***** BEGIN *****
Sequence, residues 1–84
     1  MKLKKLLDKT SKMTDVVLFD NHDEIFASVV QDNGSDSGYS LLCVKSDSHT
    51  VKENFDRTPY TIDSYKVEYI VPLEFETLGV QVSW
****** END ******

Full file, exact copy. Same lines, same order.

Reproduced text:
Sequence, residues 1–84
     1  MKLKKLLDKT SKMTDVVLFD NHDEIFASVV QDNGSDSGYS LLCVKSDSHT
    51  VKENFDRTPY TIDSYKVEYI VPLEFETLGV QVSW